Francisco et al v. Corizon Health, Inc. et al, No. 4:2017cv01455 - Document 25 (E.D. Mo. 2018)

Court Description: OPINION MEMORANDUM AND ORDER IT IS HEREBY ORDERED that Defendants Griffin and Rhodes Motion to Dismiss, [Doc. No. 6], is DENIED. IT IS FURTHER ORDERED that Defendant Villmers Motion to Dismiss, [Doc. No. 18], is DENIED. 6 18 Signed by District Judge Henry Edward Autrey on 3/22/18. (CLA)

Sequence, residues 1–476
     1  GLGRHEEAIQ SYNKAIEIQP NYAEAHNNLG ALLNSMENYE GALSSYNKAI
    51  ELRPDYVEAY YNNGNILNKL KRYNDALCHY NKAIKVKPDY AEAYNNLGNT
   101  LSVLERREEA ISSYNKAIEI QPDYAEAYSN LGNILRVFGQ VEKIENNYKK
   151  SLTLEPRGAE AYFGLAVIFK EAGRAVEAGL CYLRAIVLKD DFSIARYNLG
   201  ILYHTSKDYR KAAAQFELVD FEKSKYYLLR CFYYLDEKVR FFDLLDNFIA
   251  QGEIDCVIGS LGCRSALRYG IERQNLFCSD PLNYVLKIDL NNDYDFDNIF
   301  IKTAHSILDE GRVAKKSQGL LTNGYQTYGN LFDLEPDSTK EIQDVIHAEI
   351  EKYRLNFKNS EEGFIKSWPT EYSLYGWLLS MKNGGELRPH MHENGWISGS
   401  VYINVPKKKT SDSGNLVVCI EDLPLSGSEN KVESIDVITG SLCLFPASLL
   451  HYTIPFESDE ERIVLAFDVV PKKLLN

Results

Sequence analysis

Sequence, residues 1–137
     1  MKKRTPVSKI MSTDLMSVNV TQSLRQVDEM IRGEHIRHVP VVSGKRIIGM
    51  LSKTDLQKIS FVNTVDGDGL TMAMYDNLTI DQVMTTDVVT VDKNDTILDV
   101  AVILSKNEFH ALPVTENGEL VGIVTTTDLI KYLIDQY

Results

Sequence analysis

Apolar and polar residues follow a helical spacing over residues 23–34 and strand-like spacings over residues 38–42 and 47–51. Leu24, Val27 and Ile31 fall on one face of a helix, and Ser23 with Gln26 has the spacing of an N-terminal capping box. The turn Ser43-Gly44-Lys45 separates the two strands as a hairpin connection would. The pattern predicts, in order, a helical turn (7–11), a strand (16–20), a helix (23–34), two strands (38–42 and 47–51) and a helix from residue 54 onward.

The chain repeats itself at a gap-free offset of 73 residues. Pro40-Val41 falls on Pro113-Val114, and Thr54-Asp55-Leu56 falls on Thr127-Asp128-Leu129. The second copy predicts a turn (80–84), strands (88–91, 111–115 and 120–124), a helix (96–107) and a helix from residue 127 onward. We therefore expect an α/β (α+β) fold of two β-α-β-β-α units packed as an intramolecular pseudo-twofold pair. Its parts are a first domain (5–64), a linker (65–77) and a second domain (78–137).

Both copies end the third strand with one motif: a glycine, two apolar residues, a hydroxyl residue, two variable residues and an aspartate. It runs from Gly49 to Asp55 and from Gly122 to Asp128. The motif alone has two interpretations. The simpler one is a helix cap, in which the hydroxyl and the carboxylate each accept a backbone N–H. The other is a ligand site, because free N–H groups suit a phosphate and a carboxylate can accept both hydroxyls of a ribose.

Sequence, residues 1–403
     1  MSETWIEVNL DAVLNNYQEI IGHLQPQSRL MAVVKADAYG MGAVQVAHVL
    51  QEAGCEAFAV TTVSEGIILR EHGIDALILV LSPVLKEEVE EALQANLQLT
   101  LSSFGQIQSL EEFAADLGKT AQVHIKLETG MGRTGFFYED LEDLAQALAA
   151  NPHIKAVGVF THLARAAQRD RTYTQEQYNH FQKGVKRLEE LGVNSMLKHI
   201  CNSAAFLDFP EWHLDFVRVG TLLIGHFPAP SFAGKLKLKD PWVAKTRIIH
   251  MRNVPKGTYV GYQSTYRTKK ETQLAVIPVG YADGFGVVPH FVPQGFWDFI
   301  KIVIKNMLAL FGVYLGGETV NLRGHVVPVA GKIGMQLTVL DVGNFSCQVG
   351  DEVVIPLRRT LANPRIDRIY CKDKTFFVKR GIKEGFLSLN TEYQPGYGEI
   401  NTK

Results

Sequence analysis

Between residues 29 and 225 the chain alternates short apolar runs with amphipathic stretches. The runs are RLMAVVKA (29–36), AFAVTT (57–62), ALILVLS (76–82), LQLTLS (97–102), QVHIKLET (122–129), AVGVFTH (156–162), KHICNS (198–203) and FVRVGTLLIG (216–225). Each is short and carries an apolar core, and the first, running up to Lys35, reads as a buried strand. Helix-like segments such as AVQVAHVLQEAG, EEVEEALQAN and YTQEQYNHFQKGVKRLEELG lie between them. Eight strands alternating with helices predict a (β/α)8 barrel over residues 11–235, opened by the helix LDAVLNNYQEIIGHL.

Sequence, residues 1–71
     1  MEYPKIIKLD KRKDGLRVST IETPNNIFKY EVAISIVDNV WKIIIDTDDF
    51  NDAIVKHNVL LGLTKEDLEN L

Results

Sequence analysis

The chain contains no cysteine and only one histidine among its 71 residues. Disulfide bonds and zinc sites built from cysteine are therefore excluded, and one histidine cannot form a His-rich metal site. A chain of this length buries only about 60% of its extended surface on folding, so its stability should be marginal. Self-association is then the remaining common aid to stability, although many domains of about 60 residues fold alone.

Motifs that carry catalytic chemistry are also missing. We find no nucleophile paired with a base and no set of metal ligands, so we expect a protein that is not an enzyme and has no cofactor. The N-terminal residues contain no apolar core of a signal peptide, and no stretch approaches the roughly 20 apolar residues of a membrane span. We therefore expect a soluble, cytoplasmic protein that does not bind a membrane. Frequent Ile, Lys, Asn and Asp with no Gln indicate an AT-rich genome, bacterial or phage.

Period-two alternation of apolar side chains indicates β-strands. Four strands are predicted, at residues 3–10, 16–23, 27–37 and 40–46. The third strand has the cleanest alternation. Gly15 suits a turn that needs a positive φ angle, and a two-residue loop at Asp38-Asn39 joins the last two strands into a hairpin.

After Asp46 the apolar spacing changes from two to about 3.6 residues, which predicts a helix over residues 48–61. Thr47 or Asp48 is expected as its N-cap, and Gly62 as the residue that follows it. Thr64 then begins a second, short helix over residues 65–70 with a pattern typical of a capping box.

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UNITED STATES DISTRICT COURT EASTERN DISTRICT OF MISSOURI EASTERN DIVISION ANNE FRANCISCO, et.al., Plaintiffs, v. CORIZON HEALTH, INC., et al, Defendants, ) ) ) ) ) ) ) ) ) CASE NO. 4:17CV1455 HEA OPINION, MEMORANDUM AND ORDER This matter is before the Court on Defendants Griffin and Rhodes’ Motion to Dismiss, [Doc. No. 6] and Defendant Villmer’s Motion to Dismiss, [Doc. No. 18]. Plaintiff opposes the Motions. For the reasons set forth below, the Motions are denied. Facts and Background1 Plaintiffs’ Complaint alleges the following: Thomas Villmer was at all relevant times the Warden of the Farmington Correctional Center in which Joshua Francisco was incarcerated. Defendant was at 1 For purposes of deciding a motion to dismiss for failure to state a claim, a court accepts the factual allegations contained in the complaint as true. Eckert v. Titan Tire Corp. 514 F.3d 801, 806 (8th Cir. 2008). The recitation of the facts is taken from Plaintiff’s Amended Complaint and is set forth for the purposes of this motion only. It in no way relieves the parties of the necessary proof of the facts in later proceedings. all relevant times the chief policy maker of the Farmington Correctional Center in which Joshua Francisco was incarcerated. No later than October 7, 2014, Defendant Villmer received notice at a forced medication hearing for Joshua Francisco that he was suicidal and that staff recommended moving Francisco to the Social Rehabilitation Unit (SRU). Defendant Gregory Rhodes was at all relevant times the Functional Unit Manager (FUM), responsible for supervision of the area of the Farmington Correctional Center in which Joshua Francisco was incarcerated. Defendant had notice that Joshua Francisco was suicidal prior to the completed suicide. Defendant Michael Griffin was at all relevant times a correctional officer in the area of the Farmington Correctional Center in which Joshua Francisco was incarcerated. Defendant had notice that Joshua Francisco was suicidal prior to the completed suicide. At all relevant times Defendants, and each of them, acted under color of law, in the performance of official duties, by virtue of their authority as employees or agents of the Missouri Department of Corrections, and are sued in their individual capacities. At all relevant times, Defendants conduct was not objectively reasonable in that Defendants knew or should have known that each were violating and did violate Joshua Francisco’s clearly established constitutional rights 2 On January 10, 2011, Allison Francisco, Joshua Francisco’s wife at the time, obtained a Judgment for a full Order of Protection that did not permit Joshua Francisco to abuse, stalk, molest, or communicate with Allison Francisco, Case no. 10SL-PN03967. On May 16, 2011, Joshua Francisco plead guilty to three counts of misdemeanor violations of an Order of Protection, and was given a 12 month sentence, suspended execution. Case no. 10SL-CR09074. On May 16, 2011, Joshua Francisco plead guilty to three felony counts of aggravated stalking, by parking outside his then wife’s residence, had another person call his wife two times, sent her three emails, confronted her at a nail salon, and tried to call her collect. He was given a three-year sentence, suspended execution. He also plead guilty to two counts of misdemeanor violations of the Order of Protection, and was given two years supervised probation. Case no. 10SLCR09509.01. On February 29, 2012, a Judgment dissolving the marriage of Joshua and Allison Francisco was granted. Allison was given sole custody of their child A. F., Joshua was granted supervised visitation, and Joshua was ordered to pay child support. On March 2013, Joshua Francisco was arrested and detained in the St. Louis County Jail. He was transferred to the Metropolitan Psychiatric Center (MPC). 3 In June 2013, while at MPC, Joshua Francisco attempted to call his ex-wife from the hospital telephone because he thought he was going to die and wanted to talk to his daughter. On or about June 26, 2014, the St. Louis County Circuit Court revoked Joshua Francisco’s probation and sentenced him to three years in prison, Case no. 10SL-CR09509-01, and he plead guilty to one count of aggravated stalking, Case no. 13SL-CR05959-01. On July 2, 2014, Joshua Francisco was received in the Eastern Diagnostic, Reception and Correctional Center (ERDCC) “on high suicide risk” intervention status from the St. Louis County jail. St. Louis County reported that Francisco had “schizophrenia (rule out), anxiety, bipolar affective disorder (rule out), … psychosis, … suicidal intent” and that he was on Risperidone, an anti-psychotic, and benzotropine mesylate for tremors. The intake at ERDCC noted that Francisco had a previous suicide attempt. A Suicide Intervention Report stated that a suicide smock was allowed for Francisco. On July 2, 2014, Dr. Lindsey, a psychologist at ERDCC, placed Joshua Francisco on suicide watch and he was prescribed Zyprexa, an anti-psychotic medication. On or about July 7, 2014, Joshua Francisco was removed from suicide watch. 4 On July 22, 2014, Joshua Francisco was transferred to the Farmington Correctional Center. On July 30, 2014, a Qualified Mental Health Professional (QMHP) conducted an initial evaluation of Francisco in segregation. Joshua told her about his suicide attempt in 2011. It was noted from previous records that Joshua had stated that he was a "visionary of God, that he was Jesus and that the doctors and the government are trying to control his mind." On July 31, 2014, Joshua Francisco was examined by Dr. Moses Ambilichu who noted paranoia and diagnosed schizoaffective disorder, bipolar type. Dr. Ambilichu considered administering involuntary medications. On August 12, 2014, Joshua Francisco was evaluated by Dr. Rajendra Gupta. Francisco stated “I want somebody to put me to sleep. I am miserable." Dr. Gupta prescribed Perphenizine (an anti-psychotic), Trilafon (for schizophrenia) and Benztropine (tremors). On August 22, 2014, custody staff reported to a QMHP that Francisco was in front of a medical unit walking around in circles saying he was going to die. He was placed on suicide watch status with a suicide smock. On August 26, 2014, Dr. Marion McIntyre released Francisco from suicide watch to be returned to his assigned housing unit. 5 On August 27, 2014, QMHP Copp (Hahn) noted Francisco believed he had a blood disease from being injected with medications, became agitated and said “I’m f**** sick!” He asked to be euthanized stating that it was "better than this hell hole." He said his health was destroyed, that she might as well let him sleep. On August 28, 2014, Francisco was again placed on suicide watch with a suicide smock. He was seen by Chris Rydeen who noted Francisco told his cellmate that he was going to jump off of the top walk in the housing unit. On August 29, 2014, Francisco admitted to Dr. McIntyre that he had been asking if jumping off the top walk would be lethal. Francisco believed that he had been poisoned and admitted to thinking about self-harm the night before. He was continued on suicide watch status. On August 30, 2014, Francisco told Dr. McIntyre that he was miserable and thinking about self-harm. On September 3, 2014, Dr. McIntyre removed Francisco from suicide watch status because she said he had no thoughts of self-harm for 24 hours. Later that day Francisco was again placed on suicide watch by Dr. Ambilichu for cutting himself with a broken light bulb. He was assessed as severely psychotic, had delusional thoughts and was not in touch with reality. He stated that he deserved to die. It was noted he had not been eating or sleeping. Suicidal ideations were noted. Dr. 6 Ambilichu said that he would pursue an involuntary medication hearing for injections of Haldol. Francisco was placed in a suicide smock. On September 5, 2014, Dr. McIntyre noted Francisco said he wanted to die and his life is in shambles. He refused to take medication. On September 6, 2014, Dr. McIntyre noted Francisco said he is dealing with a disaster, his life. He wished he was dead and wanted to be euthanized. On September 10, 2014, Lisa Sanderson noted Francisco said he wanted to end his life and that he deserved to die. On September 16, 2014, Dr. McIntyre noted Francisco refused to take a mattress because of bacteria and said he felt like there was "crap" coming out of his pores. Dr. McIntyre requested that Francisco shower. An Involuntary medication hearing was held and Francisco was placed on involuntary medication status. On September 19, 2014, Dr. McIntyre released Francisco from suicide watch. On September 24, 2014, QMHP Hahn completed an SRU referral for Francisco. On September 25, 2014, Dr. Gupta prescribed Cogentin for Francisco's side effects and continued Haldol. Francisco told persons in the visiting room that Haldol was making him miserable and asked to be put out of his misery. He was 7 returned to Housing Unit 9. Lisa Sanderson placed Francisco on suicide watch because he said he wished he was dead. Francisco was given a Conduct Violation because he had spit blood on the cell walls. On September 29, 2014, Dr. McIntyre removed Francisco from suicide watch status. On October 7, 2014, at a forced medication hearing, CCM I Kimberly Scallion told prison warden Villmer and Chief of Mental Health Services Lisa Sanderson that Francisco would be a good candidate for the SRU program. On October 8, 2014, Dr. Ambilichu increased Francisco's Haldol injections to 100 mg IM q 4 weeks with Benadryl as he was “still psychotic” and Cogentin PO to 1mg HS. It was noted that Francisco's SRU referral was approved and his mental health score was raised to a 4. On October 10, 2014, QMHP Tech Ashley Hahn denied Francisco’s request to see a psychiatrist about his medication. On October 16, 2014, Francisco again requested to see the psychiatrist about medications. On October 16, 2014, the Administrative Segregation Committee released Francisco from segregation in the “suicide cell” in Housing Unit 5, C-wing, but he refused to leave, saying he was sick and suicidal. Francisco was given another Conduct Violation. Francisco was accepted in but had yet to be admitted to the 8 SRU in Housing Unit 9 because the earliest a psychiatrist could see him was October 27, 2014. Francisco was then placed in Housing Unit 5 D-wing. CO 1 Sheldon Taylor expressed concerns to mental health staff Lisa Sanderson, Justin Ream, and Dr. McIntyre whether Francisco was ready to be removed from suicide watch since Francisco still appeared scared and paranoid. On October 17, 2014, Dr. Gupta noted Francisco felt dizzy, was sweating, felt like "crap," thought he had a blood disease, and had anxiety. He was started on Buspar 15 milligrams for anxiety at bed time. The assessment was mood disorder with psychosis and depression with psychosis. On October 20, 21, and 22, 2014, Offender Christopher Earnest, Joshua Francisco’s cellmate, told CCMI Scallion, that Francisco was talking about suicide, killing himself, and that he needed help. CCMI Scallion asked Francisco and he denied wanting to hurt himself. CCMI Scallion told FUM Gregory Rhodes this information. They decided not to place Francisco in C-wing because Francisco would not say he was going to harm himself. CCMI Scallion believed that an offender had to verbalize he was suicidal before placing him on suicide watch. CCMI Scallion did not make a mental health referral for Francisco, even though it was usual to do so under these circumstances. FUM Rhodes was told by CCMI Scallion that Francisco’s cellmate Earnest was saying that a noose was found in Francisco’s cell. 9 Offender Derek Bruce, housed in the cell adjacent to Francisco’s cell, told an investigator that on or about October 21, 2014, he told COI Michael Griffin that Francisco said he was going to hang himself. Offender Bruce also told the investigator that he informed CCMI Scallion that Francisco was going to hurt himself. On October 21, 2014, COI Michael Griffin was informed by both offender Christopher Earnest and offender Derek Bruce that Francisco was suicidal. COI Griffin knew that Francisco had been on suicide watch and close observation several times in the past. COI Griffin asked Francisco, who denied being suicidal. COI Griffin believed he could not put an offender on suicide watch unless the offender stated he was suicidal. On October 22, 2014, Francisco was given 10 days in disciplinary segregation for refusing to leave HU5 on October 16, 2014. Francisco was not eligible to return to HU 9 due to the pending conduct violation. Offender Earnest told an investigator that on or about October 22, 2014, he told a Correctional Officer and a Sergeant that Francisco was talking about suicide, killing himself, and that he needed help. Offender Bruce told an investigator that he heard Francisco crying when he was speaking with the Sergeant. On October 22, 2014, at about 11:15 a.m., COI Joseph Gooch, heard three or four offenders screaming that an offender in SD-12 “was going to kill himself.” 10 Offender Earnest, told CO Gooch that Francisco was going to kill himself. In response CO Gooch restrained Offender Earnest to prepare to remove Francisco from the cell. COI Michael Griffin told COI Gooch that Francisco never said the “magic words,” that he was going to kill himself, to the correctional officers, and the officers did not have to remove Francisco from the cell. COI Darren Cook yelled over the intercom system that he did not want to open the cells for a door count at that time. COII Sergeant Jason England came to the cell and observed Francisco crying and upset. COI Gooch told COII England that Francisco needed to be removed from the cell. Offender Earnest told England that Francisco was suicidal. COI Griffin told England that Francisco had been suicidal in the past. Francisco wanted to speak with England but England told him he could not at that time. COII England decided not to remove Francisco from the cell because Francisco denied wanting to harm himself. After COII England left Francisco, COII England met with FUM Greg Rhodes, who told England that Francisco was frequently on suicide watch and that England should keep watch on Francisco. Offender Earnest told an investigator that on October 22, 2014, at around 8:00 p.m., recreation time began and he left their cell but Joshua Francisco 11 remained therein. Offender Earnest told an investigator that on October 22, 2014, when he returned to the cell, he found Joshua Francisco hanging from the light fixture. He reported this to COI Jeremy Jaco. On October 22, 2014, at about 9:15 p.m., COI Jaco and COI Joseph Gilliam cut Francisco down, started CPR, and called a code. Nurse Felicia Giudicy responded and found Francisco lying on floor with no pulse. The AED was attempted but failed to administer an appropriate shock. The AED kept saying “check battery.” Joshua Francisco was pronounced dead at 9:43 p.m. FUM Rhodes was uncertain whether an inmate should be put on suicide watch if the inmate did not verbalize a suicidal intent but their actions warranted it. FUM Rhodes stated the failure to make a mental health referral for Francisco did not follow prison protocols. Chief of Mental Health Services Lisa Sanderson stated that Francisco was “very, very mentally ill,” “had some of the worse delusions I’ve seen in a long time,” and “would routinely ask staff ‘please kill me, please put me out of my misery, please euthanize me.’” She had seen only one other offender like Francisco and that other offender was in a Correctional Treatment Center (CTS) for a long time. However, Sanderson never recommended Francisco for the CTS. FUM Rhodes, COI Griffin, CCMI Scallion, and COII England were found by prison officials to have violated Suicide Intervention Procedure no. 12-4.1 for 12 failing to initiate Suicide Intervention Reports after being made aware of Francisco’s behavior and that Francisco was suicidal. Joshua Francisco had serious medical needs arising from his diagnoses by medical professionals of paranoia, schizoaffective disorder-bipolar type, psychosis, delusional thoughts, and suicidal ideations, eventually requiring the involuntary administration of medications and for him frequently to be under suicide watch, and it was so obvious that even lay persons working in the prison including, but not limited to, Defendants Rhodes, England, Scallion, and Griffin would easily recognize the necessity for a medical or psychological professional’s attention in October 2014. The behavior, actions and statements of Joshua Francisco, from his own mouth and from the mouth of others, provided actual knowledge to Defendants of a substantial risk that Joshua Francisco was harmful to himself and was suicidal as a result of his serious mental and psychological disorder. Despite such actual knowledge, Defendants Rhodes, England, Scallion, and Griffin disregarded the substantial risk that Joshua Francisco was harmful to himself and was suicidal by intentionally refusing or intentionally failing to take reasonable measures to deal with the problem including, necessary observation, mental health referral, removing from a regular cell and placing in a suicide-proof cell, and/or placing him on suicide watch on October 20, 21, and 22, 2014. 13 Despite such actual knowledge, Defendant Villmer and Defendants Corizon, Sanderson, Ambilichu, McIntyre, and/or Gupta disregarded the substantial risk that Joshua Francisco was harmful to himself and was suicidal by intentionally refusing or intentionally failing to take reasonable measures to deal with the problem including, but not limited to, ordering necessary observation, placing Francisco in the SRU, and/or sending Francisco to a proper medical facility or CTS for psychological care and treatment prior to October 20, 21, and 22, 2014. Defendants’ acts and omissions constituted a course of detainee suicide risk observation, recognition, intervention, and prevention so clearly inadequate as to amount to refusal to provide essential medical and psychological care to Joshua Francisco. Defendants’ acts and omissions were so blatantly inappropriate as to show evidence of deliberate indifference, intentional maltreatment and/or intentional refusal to provide appropriate observation, referrals, and/or treatment of Joshua Francisco. Defendants thereby violated Joshua Francisco’s rights to due process and equal protection of the laws under the Fifth and Fourteenth Amendments to the United States Constitution. Defendants’ failure to provide necessary medical and psychological care and observation to Joshua Francisco constituted cruel and unusual punishment of 14 Joshua Francisco in violation of his rights under the Eighth and Fourteenth Amendments to the United States Constitution. The above actions of each of the Defendants, and their agents and/or employees, acting under color of their authority as employees and/or agents of the Missouri Department of Corrections, directly caused or contributed to cause Joshua Francisco’s mental and psychological disorder to become more serious to the point that he attempted suicide and succeeded because of Defendants’ failure to employ proper suicide risk observation, recognition, intervention, and prevention for Joshua Francisco, and Defendants’ failure to properly request treatment of or treat Joshua Francisco with medicines, therapy, referral to the SRU, CTS or other outside healthcare facility, and/or eliminating the means to hang himself. Defendants Rhodes and/or Does 1-10 are liable for the unconstitutional actions of Defendants Scallion, England, and Griffin due to the failure of Defendants Rhodes and/or Does 1-10 to supervise Defendants Scallion, England, and Griffin so as not to deprive inmates and detainees of their constitutional rights. As a result of the failure of Defendants Rhodes and/or Does 1-10 to properly supervise prison employees, Defendants Scallion, England, and Griffin falsely believed that an inmate had to state to a correctional officer or other prison employee or agent that the inmate was suicidal before they could make a mental health referral or seek appropriate other treatment for the inmate. 15 Defendants Rhodes and/or Does 1-10 failure to provide adequate supervision to its agents and/or employees on the constitutional requirement to provide adequate and necessary medical and psychological care and observation to prisoners represents a deliberate indifference to the rights of persons with whom Defendants Scallion, England, and Griffin come into contact. Defendants Rhodes and/or Does 1-10 knew that their agents and/or employees will be called upon to assess, observe, treat, and/or recommend for treatment prisoners with severe mental and psychological disorders. Defendants Rhodes and/or Does 1-10 knew that their agents and/or employees, including defendants England, Scallion and Griffin, failed to provide adequate and necessary medical and psychological care and observation to prisoners including, but not limited to, Francisco, who had expressed suicidal ideations, and condoned such failure. Despite such knowledge, Defendants Rhodes and/or Does 1-10 failed to take sufficient remedial action by informing the employees and/or agents, including Defendants Scallion, England, and Griffin, that an inmate did not have to state the “magic words” himself before suicide intervention measures were taken. If Defendants Rhodes and/or Does 1-10 had provided adequate and proper supervision to Defendants Scallion, England, and Griffin, those Defendants would have provided Joshua Francisco with adequate and necessary medical and 16 psychological care and observation while he was incarcerated at the Farmington Correctional Center, and Francisco’s constitutional rights would not have been violated. The actions of Defendants Rhodes, Scallion, England, Griffin, Sanderson, Ambilichu, McIntyre, and Gupta, and each of them, were performed pursuant to a custom, policy, or practice formulated by Defendants Villmer and/or Does 21-30 and/or Corizon, and followed by Defendants Rhodes, Scallion, England, Griffin, Sanderson, Ambilichu, McIntyre, and Gupta, under which Defendants regularly failed to provide adequate and necessary inmate observation, psychological referrals, psychological care which has directly caused or contributed to cause death and/or serious injury to inmates. As a result of the custom, practice or policy of Defendants Villmer and/or Does 21-30 and/or Corizon, Defendants Rhodes, Scallion, England, Griffin, and Sanderson falsely believed that an inmate had to state to a correctional officer or other prison employee or agent that the inmate was suicidal before they could make a mental health referral or seek appropriate other treatment for the inmate. 103. The custom, policy, or practice formulated by Defendants Villmer and/or Does 21-30 and/or Corizon, acting under color of their authority as employees and/or agents of the Missouri Department of Corrections, directly caused or contributed to cause Joshua Francisco’s mental and psychological disorder to 17 become more serious to the point that he attempted suicide and succeeded because of Defendants’ failure to employ proper observation of Joshua Francisco, and Defendants’ failure to properly treat Joshua Francisco with medicines, therapy, reference to an outside healthcare facility, and/or eliminating the means to hang himself. Defendants have moved pursuant to Fed.R.Civ.P. 12(b)(6) to dismiss Plaintiffs’ Complaint for failure to state a claim. Standard of Review The purpose of a motion to dismiss under Rule 12(b)(6) is to test the legal sufficiency of the complaint. The factual allegations of a complaint are assumed true and construed in favor of the plaintiff, “even if it strikes a savvy judge that actual proof of those facts is improbable.” Bell Atlantic Corp. v. Twombly, 550 U.S. 544, 556 (2007) (citing Swierkiewicz v. Sorema N.A., 534 U.S. 506, 508 n.1 (2002)); Neitzke v. Williams, 490 U.S. 319, 327 (1989) (“Rule 12(b)(6) does not countenance ... dismissals based on a judge's disbelief of a complaint's factual allegations.”); Scheuer v. Rhodes, 416 U.S. 232, 236 (1974) (stating that a wellpleaded complaint may proceed even if it appears “that a recovery is very remote and unlikely”). The issue is not whether the plaintiff will ultimately prevail, but whether the plaintiff is entitled to present evidence in support of his claim. Scheuer, 416 U.S. at 236. A viable complaint must include “enough facts to state a 18 claim to relief that is plausible on its face.” Twombly, 550 U.S. at 570. A complaint is plausible if its “factual content allows the court to draw the reasonable inference that the defendant is liable for the misconduct alleged.” Braden v. Wal–Mart Stores, Inc., 588 F.3d 585, 594 (8th Cir. 2009) (quoting Iqbal, 556 U.S. at 678). A complaint that offers labels, bare assertions, and “[t]hreadbare recitals of the elements of a cause of action, supported by mere conclusory statements,” is insufficient to avoid dismissal. Ashcroft v. Iqbal, 556 U.S. 662, 678 (2009). To survive a motion to dismiss under 12(b)(6), a complaint must contain sufficient factual matter, accepted as true, to state a claim for relief that is plausible on its face. Ashcroft v. Iqbal, 556 U.S. 662 (2009) (quoting Bell Atlantic Corp. v. Twombly, 550 U.S. 544, 570 (2007)). Determining whether a complaint states a plausible claim for relief will ... be a context-specific task that requires the reviewing court to draw on its judicial experience and common sense. Id. at 1950. Discussion To state a claim under 42 U.S.C. § 1983, a plaintiff must show that a person acting under color of state law deprived him “of rights, privileges, or immunities secured by the Constitution.” Parratt v. Taylor, 451 U.S. 527, 535 (1981). Plaintiffs allege that Defendants were acting under color of state law. Therefore, the threshold inquiry is whether Defendants violated rights secured by the Constitution. 19 Defendants Rhodes and Griffin Defendants Rhodes and Griffin argue that Count I fails to set forth sufficient allegations to describe the conduct of these Defendants that allegedly violated the Fifth and Fourteenth Amendments. To the contrary, the Complaint, incorporating all of the factual allegations set out, alleges that Rhodes and Griffin knew Francisco was suicidal and failed to take action to avoid the risk of self-harm. Plaintiffs allege that Rhodes was responsible for supervision in the area where Francisco was incarcerated, and that he had notice that Francisco was suicidal prior to his actual suicide. Plaintiffs identify Griffin as a correctional officer in the area in which Francisco was incarcerated and had notice that he was suicidal prior to his actual suicide. More specifically, Plaintiffs allege that Rhodes learned of Francisco’s words, actions and behavior prior to the suicide. He also learned that a noose was found in Francisco’s cell. Further alleged are the allegations that Rhodes decided not to place Francisco in C-wing because Francisco himself did not say he was suicidal. He did not make a suicide referral and he did not know whether an inmate should be put on suicide watch if the inmate did not verbalize a suicidal intent. With respect to Defendant Griffin, Plaintiffs allege that he was told by Francisco’s cellmate and an inmate in the adjacent cell that Francisco was going to hang himself. Griffin knew Francisco was on suicide watch several times in the 20 past. Griffin told others that Francisco did not need to be moved because he believed he had to hear from Francisco himself that he was suicidal. Plaintiffs allege that these actions establish that Rhodes and Griffin had actual knowledge of Francisco’s serious medical needs and that they should have recognized the need for a medical or psychological professional’s attention. Despite this knowledge, Rhodes and Griffin disregarded the substantial risk that Francisco would harm himself and was suicidal. To state a claim for failure to train or supervise, Plaintiffs must allege that (1) training or supervisory practices were inadequate; (2) Defendant was deliberately indifferent to the rights of others in adopting them, such that the failure reflects a deliberate or conscious choice by it; and (3) an alleged deficiency in training or supervisory procedures actually caused Plaintiff's injury. Andrews v. Fowler, 98 F.3d 1069, 1076 (8th Cir. 1996) (quotation and citation omitted). Defendant Rhodes argues that Plaintiffs are attempting to hold him liable based on a theory of respondeat superior. Plaintiffs do not merely challenge Rhodes based on his supervisory position; rather, Plaintiffs allege that Rhodes knew that agents and/or employees failed to provide adequate and necessary medical and psychological care and observation to Francisco, who had expressed suicidal ideations and condoned such failure. Plaintiffs also allege that Rhodes failed to take sufficient remedial action by informing employees that an inmate did 21 not have to verbalize suicidal ideations before suicide intervention measure were taken. Defendant Villmer Defendant Villmer argues that Plaintiffs are attempting to hold him liable based on a theory of respondeat superior. Plaintiffs do not merely challenge Villmer’s actions based on his supervisory position; rather, Plaintiffs allege that he had actual knowledge of the substantial risk that Francisco was harmful to himself and was suicidal as a result of his serious mental and psychological disorder. Plaintiffs further allege that Villmer intentionally refused or intentionally failed to take reasonable measures to deal with the problem, including ordering necessary observation, placing Francisco in the SRU and/or sending Francisco to a proper medical facility or CTS for psychological care and treatment. Claims as to Rhodes, Griffin, and Villmer Defendants’ argument that Plaintiffs have failed to specify which Defendant took what action is unpersuasive. Although Plaintiffs utilize an “and/or” method of pleading, the factual allegations against defendants are clear enough for Defendants to ascertain what Plaintiffs are claiming violated Francisco’s constitutional right so that they may formulate their responses to the allegations. Conclusion 22 Because Plaintiffs allegations set out sufficient facts to notify Defendants of the claims against them, Defendants’ Motions to dismiss will be denied. Accordingly, IT IS HEREBY ORDERED that Defendants Griffin and Rhodes’ Motion to Dismiss, [Doc. No. 6], is DENIED. IT IS FURTHER ORDERED that Defendant Villmer’s Motion to Dismiss, [Doc. No. 18], is DENIED. Dated this 22nd day of March, 2018. HENRY EDWARD AUTREY UNITED STATES DISTRICT JUDGE 23